Obtaining a loan is the definition of taking on debt, so the idea of using one to get you _out _of debt instead might sound crazy to most people. But there’s something most people don’t know — you can often lower your interest rates and make it easier to stay on top of payments to multiple lenders by taking on a personal loan for debt consolidation.
If you’re wondering what on earth debt consolidation is and how you can start taking advantage of this new hack, you’re in the right place. We’ll break it all down for you, along with some special insider tips and where to find the right lender.
What Is A Personal Loan For Debt Consolidation?
As you’re probably aware, a personal loan is a borrowed sum of money that can be used toward any personal (non-business) purpose. Typical uses include big purchases like vacations, weddings, or cars — but you can also use them to consolidate your debt – for example, student credit card debt and student loans.
“Consolidating” debt means combining multiple loans in one place so you only have one lender to pay at once — not two, three, or even ten to stay on top of.
As a result, you might be able to pay off your debt more quickly or rack up less in interest — more on that later.
How Does The Process Work?
Personal loans for debt consolidation are pretty simple to understand. Simply go through the usual loan application process and make it clear what you want to use the money for — then, the lender will arrange the consolidation process with your previous loan provider(s).
As always, whether or not you qualify for a personal loan (as well as the loan term and interest rate you get) depend on your credit score, income, and other factors related to financial history.
Pros and Cons of Using A Personal Loan for Debt Consolidation
We wouldn’t be writing this article if we didn’t think taking out a personal loan for debt consolidation was a good idea — but that doesn’t mean there are no drawbacks. For the sake of impartiality, let’s take a detailed look at both the pros and cons.
The clearest advantage of using a personal loan to consolidate debt is the chance of a **lower interest rate — **a debt consolidation loan allows you to shop around and get a better deal than what your current loan(s) offer, which will save you money.
Even better, if you currently have a loan with a variable interest rate, consolidating your debt gives you the chance to switch to a fixed rate, allowing you to lock the interest rate in. No more worrying about your interest rate changing every month — although there’s still a chance of the interest rate changing.
Plus, you’ll have a much clearer debt timeline. Instead of having a different schedule for every loan, you can have a fixed date to pay back everything you owe. This makes it far easier to know exactly when you’ll have enough spare cash to take that cruise, vacation, or go on a massive shopping spree!
In some cases, a personal loan for debt consolidation could even end up improving your credit score. Sometimes, borrowers who have various loans end up missing their monthly payments, which hurts their credit score. And when you use debt consolidation to clear your lines of credit, you’ll be using less of your available credit, which is one of the metrics that determines credit score and credit history.
As you might have figured out already, the advantages outlined above don’t apply to everyone or all circumstances.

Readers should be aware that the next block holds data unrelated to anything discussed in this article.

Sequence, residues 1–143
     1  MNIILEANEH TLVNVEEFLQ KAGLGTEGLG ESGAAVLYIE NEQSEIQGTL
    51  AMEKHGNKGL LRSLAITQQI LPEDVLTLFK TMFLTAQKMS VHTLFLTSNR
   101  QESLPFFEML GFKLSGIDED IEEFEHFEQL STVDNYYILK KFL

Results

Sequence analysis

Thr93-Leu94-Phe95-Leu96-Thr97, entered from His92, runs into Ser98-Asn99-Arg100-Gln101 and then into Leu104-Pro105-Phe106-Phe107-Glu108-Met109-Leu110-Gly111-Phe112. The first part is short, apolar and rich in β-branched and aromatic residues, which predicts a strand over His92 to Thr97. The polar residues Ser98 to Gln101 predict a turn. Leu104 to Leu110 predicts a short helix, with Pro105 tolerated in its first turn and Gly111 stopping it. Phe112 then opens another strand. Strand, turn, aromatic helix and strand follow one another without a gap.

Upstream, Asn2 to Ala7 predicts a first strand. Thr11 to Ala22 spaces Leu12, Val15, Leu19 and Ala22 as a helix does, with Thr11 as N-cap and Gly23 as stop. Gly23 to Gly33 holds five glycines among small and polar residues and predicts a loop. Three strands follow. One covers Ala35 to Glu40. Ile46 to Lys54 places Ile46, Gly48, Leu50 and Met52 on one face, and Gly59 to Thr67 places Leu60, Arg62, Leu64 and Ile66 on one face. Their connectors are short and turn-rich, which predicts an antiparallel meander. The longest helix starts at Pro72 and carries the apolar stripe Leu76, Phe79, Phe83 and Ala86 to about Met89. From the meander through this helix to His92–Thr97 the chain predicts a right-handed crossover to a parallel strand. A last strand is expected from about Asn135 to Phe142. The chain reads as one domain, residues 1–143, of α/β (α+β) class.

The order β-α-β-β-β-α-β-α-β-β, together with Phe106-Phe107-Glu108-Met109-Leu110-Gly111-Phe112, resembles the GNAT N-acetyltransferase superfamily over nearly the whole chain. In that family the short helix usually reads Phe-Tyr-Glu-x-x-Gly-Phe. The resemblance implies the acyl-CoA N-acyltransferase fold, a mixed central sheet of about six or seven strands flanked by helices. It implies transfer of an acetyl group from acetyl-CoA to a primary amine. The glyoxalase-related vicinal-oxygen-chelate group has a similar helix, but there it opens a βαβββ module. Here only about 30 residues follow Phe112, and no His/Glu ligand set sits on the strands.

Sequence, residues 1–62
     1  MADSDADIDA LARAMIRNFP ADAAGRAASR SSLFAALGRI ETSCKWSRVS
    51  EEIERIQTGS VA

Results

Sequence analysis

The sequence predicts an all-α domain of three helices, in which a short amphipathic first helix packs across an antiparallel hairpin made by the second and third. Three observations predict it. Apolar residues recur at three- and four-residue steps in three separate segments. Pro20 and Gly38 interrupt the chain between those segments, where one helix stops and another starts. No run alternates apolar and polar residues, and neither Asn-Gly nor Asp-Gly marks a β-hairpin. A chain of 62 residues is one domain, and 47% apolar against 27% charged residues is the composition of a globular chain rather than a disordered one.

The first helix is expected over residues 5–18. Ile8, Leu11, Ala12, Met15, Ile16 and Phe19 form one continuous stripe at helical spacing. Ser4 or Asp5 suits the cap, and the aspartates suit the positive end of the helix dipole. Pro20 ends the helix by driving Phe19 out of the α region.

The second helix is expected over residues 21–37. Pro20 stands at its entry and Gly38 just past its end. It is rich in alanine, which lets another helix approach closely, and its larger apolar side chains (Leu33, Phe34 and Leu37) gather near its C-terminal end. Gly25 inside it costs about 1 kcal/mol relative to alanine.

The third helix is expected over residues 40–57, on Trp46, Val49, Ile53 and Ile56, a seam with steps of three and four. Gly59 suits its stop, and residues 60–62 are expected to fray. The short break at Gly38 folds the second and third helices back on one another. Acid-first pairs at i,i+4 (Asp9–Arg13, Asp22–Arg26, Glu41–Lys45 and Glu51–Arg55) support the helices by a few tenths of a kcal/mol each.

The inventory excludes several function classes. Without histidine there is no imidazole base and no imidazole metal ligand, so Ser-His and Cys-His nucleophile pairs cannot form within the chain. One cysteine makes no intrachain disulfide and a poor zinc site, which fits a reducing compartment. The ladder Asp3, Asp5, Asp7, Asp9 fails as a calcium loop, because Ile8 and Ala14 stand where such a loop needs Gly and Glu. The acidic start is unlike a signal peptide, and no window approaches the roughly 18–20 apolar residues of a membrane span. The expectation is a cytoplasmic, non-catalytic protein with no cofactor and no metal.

If you already have a cracker of a loan (yes, such things exist), there’s no point in consolidating your debt just because you can — this could actually lead to a higher interest rate.
Or, just as bad, you might pay more interest over time if you consolidate your debt into a loan plan with a longer term — even if the interest rate seems lower, it will add up more over time.
Somewhat counterintuitively, a personal loan for debt consolidation can sometimes make it easier to rack up more debt. Why? Many people opt for these personal loans because they’ve used up all their available credit already, but debt consolidation will make those lines of credit available again, possibly leading to more debt. Proceed with caution!
There’s also the possibility of additional fees — including origination fees, application fees, and prepayment fees.
Where To Take Out A Loan
As with other types of personal loans, potential borrowers have a choice between traditional banks, credit unions, and online lenders.
Many inexperienced borrowers tend to go for traditional banks to take out loans since they have recognizable brand names and great service, but unfortunately, the interest rates tend to be higher.
Meanwhile, online lenders tend to offer lower interest rates, but they take a no-frills approach. That means no going into a local branch if something goes wrong, and customer service is likely to be more pared down.
Credit unions are cooperatives; since they operate on a not-for-profit basis, they aim to offer their members better rates than they could find elsewhere. Sounds like a dream come true, right? There’s just one caveat — you might not be eligible. Most credit unions have particular membership criteria, such as working for a particular profession or living in a specific area.
The lender you go for will ultimately depend on where your priorities lie. Do you want customer service and the option to go into a branch? Or the lowest rate possible, whatever the cost?
Show That Debt Who’s Boss
Whether you’re already on the phone with a lender to sort out the best personal loan to pay for debt consolidation, or you’re taking a while to do the calculations first, debt consolidation is certainly a useful trick to have up your sleeve.
Whatever you decide, one thing is for sure. If you’re currently struggling with debt, you need to take action!